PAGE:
Hyperion Records

Zufriedenheit 'Lied', D362
First line:
Ich bin vergnügt, im Siegeston
composer
First setting. 1815 or 1816; first published in 1895 in the Gesamtausgabe
author of text

Recordings
'Schubert: The Complete Songs' (CDS44201/40)
Schubert: The Complete Songs
MP3 £130.00FLAC £130.00ALAC £130.00Buy by post £150.00 CDS44201/40  40CDs Boxed set + book (at a special price)  
'Schubert: The Hyperion Schubert Edition, Vol. 23 – Christoph Prégardien' (CDJ33023)
Schubert: The Hyperion Schubert Edition, Vol. 23 – Christoph Prégardien
MP3 £7.99FLAC £7.99ALAC £7.99Buy by post £13.99 (ARCHIVE SERVICE) CDJ33023  Archive Service; also available on CDS44201/40  
Details
Track 28 on CDJ33023 [1'00] Archive Service; also available on CDS44201/40
Track 2 on CDS44201/40 CD12 [1'00] 40CDs Boxed set + book (at a special price)

Zufriedenheit 'Lied', D362
Claudius, in his persona as the Wandsbeck Messenger, introduced the poem printed above thus: 'The following song seems to have something in common with My mind to me a kingdom is in the Reliques of Ancient Poetry. Whether it is a free translation of this song or a slavish imitation, or neither, I will let the reader decide who has read both.' Bishop Percy's collection of old English poetry is thus the source of two Schubert songs (the other is the Altschottische Ballade ('Edward'),. It joins the ranks of the small number of works (Colley Cibber's Der blinde Knabe, the three Shakespeare settings, the Walter Scott settings from The Lady of the Lake, the Abraham Cowley's Der Weiberfreund) which have a British origin. In actual fact the poem is a very free rendition of only some of Sir Edward Dyer's eleven-stanza poem as published by Percy. Its breezy independent spirit must have appealed to Claudius's breezy north German spirit (Wandsbeck is near Hamburg). Mention of 'Des Sultans Pracht' in the second verse puts us in mind of the orientalism of another Claudius setting for either solo voice and chorus Klage um Ali Bey. Schubert was to set the poem twice, the other version (D501) written for bass. The most delightful thing about this setting, and certainly the most individual, is the extremely insouciant postlude which winks and smiles, ducks and weaves. Together with the cheeky bar of prelude which struts at the opening this very aptly frames the ditty of a self-sufficient and satisfied man - not a very deep one perhaps, but a merry soul. The style verges on being that of the drinking song. One has the impression that a bit of booze also plays its part in helping to reconcile this singer with his fate.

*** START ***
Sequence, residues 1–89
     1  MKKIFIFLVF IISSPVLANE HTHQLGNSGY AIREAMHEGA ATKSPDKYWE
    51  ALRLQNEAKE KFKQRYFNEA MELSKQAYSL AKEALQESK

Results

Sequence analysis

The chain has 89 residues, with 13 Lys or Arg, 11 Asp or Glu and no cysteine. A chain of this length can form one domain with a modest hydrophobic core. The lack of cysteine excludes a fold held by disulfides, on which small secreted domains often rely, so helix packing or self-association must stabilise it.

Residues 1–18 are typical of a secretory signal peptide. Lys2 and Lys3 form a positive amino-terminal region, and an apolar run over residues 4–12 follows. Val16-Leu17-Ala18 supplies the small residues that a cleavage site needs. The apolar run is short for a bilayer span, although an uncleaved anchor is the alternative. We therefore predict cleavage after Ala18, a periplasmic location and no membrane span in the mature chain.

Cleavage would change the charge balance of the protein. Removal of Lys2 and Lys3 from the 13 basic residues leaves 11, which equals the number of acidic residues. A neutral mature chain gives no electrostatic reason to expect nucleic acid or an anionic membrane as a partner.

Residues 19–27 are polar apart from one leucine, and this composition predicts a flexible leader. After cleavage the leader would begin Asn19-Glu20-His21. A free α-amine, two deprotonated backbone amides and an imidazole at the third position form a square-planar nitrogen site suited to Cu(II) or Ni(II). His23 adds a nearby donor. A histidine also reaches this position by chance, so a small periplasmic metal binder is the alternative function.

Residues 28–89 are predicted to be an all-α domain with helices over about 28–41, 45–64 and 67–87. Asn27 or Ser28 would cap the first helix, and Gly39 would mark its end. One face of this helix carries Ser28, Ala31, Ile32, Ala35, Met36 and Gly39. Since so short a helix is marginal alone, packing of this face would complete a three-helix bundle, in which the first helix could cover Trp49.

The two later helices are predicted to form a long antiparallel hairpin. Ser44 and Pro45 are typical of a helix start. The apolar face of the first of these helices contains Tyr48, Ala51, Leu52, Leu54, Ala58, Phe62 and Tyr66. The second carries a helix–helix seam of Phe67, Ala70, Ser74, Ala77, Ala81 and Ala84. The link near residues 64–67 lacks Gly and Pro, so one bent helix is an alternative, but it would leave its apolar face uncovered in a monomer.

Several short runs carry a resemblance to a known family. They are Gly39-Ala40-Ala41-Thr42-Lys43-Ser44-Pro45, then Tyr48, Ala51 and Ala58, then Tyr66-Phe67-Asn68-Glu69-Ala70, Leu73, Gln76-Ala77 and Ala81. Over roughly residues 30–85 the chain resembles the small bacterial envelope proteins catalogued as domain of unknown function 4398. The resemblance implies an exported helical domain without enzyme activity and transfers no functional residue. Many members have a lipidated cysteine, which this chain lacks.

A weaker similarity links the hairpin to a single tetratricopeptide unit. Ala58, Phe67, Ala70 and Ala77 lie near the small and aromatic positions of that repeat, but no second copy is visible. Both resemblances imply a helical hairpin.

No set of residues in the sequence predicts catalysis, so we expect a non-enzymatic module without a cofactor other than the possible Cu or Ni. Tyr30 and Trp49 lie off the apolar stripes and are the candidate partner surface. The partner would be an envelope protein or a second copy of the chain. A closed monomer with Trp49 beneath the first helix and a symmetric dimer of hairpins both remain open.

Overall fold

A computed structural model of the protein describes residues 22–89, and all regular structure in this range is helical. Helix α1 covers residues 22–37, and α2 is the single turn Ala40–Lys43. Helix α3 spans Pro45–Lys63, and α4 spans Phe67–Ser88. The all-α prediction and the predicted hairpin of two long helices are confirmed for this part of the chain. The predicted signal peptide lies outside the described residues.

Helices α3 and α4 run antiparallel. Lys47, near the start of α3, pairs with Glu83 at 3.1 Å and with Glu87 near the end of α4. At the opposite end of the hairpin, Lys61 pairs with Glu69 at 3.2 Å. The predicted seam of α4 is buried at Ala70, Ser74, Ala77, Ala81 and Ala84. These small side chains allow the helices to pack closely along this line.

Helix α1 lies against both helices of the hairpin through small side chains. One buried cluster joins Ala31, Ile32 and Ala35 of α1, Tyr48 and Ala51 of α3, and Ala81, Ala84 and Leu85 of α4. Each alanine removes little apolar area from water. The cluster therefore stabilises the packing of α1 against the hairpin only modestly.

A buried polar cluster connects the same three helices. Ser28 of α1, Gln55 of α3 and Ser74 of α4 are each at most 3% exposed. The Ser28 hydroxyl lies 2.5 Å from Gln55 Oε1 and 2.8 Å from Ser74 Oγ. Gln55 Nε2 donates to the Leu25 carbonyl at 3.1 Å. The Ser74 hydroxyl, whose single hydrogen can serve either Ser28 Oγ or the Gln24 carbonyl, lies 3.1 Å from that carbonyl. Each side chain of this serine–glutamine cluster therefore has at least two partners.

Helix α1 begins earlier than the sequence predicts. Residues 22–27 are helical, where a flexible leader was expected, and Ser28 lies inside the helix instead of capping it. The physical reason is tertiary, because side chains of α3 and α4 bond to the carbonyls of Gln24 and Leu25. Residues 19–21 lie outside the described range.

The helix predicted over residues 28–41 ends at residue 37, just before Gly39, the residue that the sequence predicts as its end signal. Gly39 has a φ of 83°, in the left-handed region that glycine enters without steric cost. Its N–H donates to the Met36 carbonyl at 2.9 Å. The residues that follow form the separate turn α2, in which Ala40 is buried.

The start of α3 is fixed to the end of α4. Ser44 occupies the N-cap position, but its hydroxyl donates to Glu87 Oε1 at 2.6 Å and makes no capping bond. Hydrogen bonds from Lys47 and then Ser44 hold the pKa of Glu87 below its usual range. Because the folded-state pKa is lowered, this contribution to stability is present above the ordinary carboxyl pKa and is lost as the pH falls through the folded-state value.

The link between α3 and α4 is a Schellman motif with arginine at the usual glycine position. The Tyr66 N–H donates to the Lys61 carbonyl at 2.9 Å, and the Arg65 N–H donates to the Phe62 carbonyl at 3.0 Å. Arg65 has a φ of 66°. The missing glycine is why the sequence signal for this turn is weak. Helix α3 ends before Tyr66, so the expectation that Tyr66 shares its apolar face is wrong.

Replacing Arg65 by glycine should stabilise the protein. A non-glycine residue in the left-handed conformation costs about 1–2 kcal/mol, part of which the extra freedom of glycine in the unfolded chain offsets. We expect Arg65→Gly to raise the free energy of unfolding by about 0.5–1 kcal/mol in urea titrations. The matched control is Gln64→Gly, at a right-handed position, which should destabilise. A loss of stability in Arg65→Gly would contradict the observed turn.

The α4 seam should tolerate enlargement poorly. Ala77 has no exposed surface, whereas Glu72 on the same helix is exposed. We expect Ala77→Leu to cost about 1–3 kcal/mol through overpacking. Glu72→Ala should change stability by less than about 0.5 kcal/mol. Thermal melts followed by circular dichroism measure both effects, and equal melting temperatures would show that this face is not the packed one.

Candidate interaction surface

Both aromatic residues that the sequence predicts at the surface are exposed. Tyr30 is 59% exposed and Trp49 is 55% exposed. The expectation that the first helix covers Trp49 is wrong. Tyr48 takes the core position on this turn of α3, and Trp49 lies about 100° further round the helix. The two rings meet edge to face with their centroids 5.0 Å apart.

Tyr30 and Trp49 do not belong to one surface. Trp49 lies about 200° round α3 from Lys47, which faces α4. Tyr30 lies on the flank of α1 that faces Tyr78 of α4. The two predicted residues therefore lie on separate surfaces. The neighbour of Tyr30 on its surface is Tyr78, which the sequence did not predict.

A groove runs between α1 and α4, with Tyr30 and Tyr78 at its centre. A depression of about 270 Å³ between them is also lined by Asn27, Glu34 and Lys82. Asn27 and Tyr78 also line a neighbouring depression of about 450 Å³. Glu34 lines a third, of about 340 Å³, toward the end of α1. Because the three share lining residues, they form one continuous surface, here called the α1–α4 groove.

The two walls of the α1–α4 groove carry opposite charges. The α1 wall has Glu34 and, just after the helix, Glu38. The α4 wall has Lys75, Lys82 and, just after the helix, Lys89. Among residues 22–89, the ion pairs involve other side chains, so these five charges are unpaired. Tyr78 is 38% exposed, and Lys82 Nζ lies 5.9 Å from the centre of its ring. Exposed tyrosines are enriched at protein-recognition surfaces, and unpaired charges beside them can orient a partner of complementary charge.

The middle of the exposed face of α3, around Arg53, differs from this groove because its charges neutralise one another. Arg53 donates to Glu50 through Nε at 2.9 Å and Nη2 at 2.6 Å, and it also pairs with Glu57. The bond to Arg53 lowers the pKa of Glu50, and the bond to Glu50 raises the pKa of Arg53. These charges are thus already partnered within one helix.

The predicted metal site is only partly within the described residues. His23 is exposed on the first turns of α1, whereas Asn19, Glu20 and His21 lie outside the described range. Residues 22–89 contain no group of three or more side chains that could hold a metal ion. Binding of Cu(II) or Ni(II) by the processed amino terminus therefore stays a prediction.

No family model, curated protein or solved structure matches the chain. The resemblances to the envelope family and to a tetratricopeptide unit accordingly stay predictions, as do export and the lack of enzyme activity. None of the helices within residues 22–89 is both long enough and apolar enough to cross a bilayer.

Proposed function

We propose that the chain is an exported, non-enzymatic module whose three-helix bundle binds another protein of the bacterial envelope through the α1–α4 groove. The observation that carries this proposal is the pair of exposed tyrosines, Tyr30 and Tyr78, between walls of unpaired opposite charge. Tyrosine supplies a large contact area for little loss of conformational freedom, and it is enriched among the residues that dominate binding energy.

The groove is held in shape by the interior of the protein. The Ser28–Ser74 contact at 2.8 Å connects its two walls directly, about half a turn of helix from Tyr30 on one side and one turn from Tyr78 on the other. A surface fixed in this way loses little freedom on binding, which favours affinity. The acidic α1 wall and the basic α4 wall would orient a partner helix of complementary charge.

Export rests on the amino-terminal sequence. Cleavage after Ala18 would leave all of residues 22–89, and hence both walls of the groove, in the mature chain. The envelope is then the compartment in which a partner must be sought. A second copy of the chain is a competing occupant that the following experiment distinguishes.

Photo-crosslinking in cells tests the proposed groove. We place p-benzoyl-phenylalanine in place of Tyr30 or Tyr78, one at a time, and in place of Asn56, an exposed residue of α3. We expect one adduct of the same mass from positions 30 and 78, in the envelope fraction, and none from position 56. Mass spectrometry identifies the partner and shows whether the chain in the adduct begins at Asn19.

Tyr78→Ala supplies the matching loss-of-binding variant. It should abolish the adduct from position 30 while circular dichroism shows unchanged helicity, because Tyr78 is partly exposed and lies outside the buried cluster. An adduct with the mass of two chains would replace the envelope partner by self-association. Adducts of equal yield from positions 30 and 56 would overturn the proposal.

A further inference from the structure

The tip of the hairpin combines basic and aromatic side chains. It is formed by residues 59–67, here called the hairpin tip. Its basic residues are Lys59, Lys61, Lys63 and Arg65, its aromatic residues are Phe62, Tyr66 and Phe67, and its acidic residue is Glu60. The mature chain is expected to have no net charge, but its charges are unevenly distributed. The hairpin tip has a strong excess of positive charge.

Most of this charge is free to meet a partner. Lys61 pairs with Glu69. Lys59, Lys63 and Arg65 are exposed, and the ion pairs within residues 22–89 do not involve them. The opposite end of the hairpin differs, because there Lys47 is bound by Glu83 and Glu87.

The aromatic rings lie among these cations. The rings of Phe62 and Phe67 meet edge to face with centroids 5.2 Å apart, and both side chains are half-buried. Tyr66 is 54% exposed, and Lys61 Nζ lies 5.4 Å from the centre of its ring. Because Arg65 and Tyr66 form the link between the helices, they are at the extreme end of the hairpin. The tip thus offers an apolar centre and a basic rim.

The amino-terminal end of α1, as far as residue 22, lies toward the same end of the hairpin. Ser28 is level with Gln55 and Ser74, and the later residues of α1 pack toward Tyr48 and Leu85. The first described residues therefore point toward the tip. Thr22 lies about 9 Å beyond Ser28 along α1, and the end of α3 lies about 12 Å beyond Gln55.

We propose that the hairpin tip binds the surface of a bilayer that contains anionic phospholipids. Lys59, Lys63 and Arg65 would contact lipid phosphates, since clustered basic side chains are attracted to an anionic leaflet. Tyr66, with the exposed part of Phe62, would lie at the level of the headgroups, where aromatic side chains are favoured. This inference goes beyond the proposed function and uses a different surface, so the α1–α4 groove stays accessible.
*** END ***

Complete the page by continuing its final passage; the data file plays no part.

from notes by Graham Johnson © 1995

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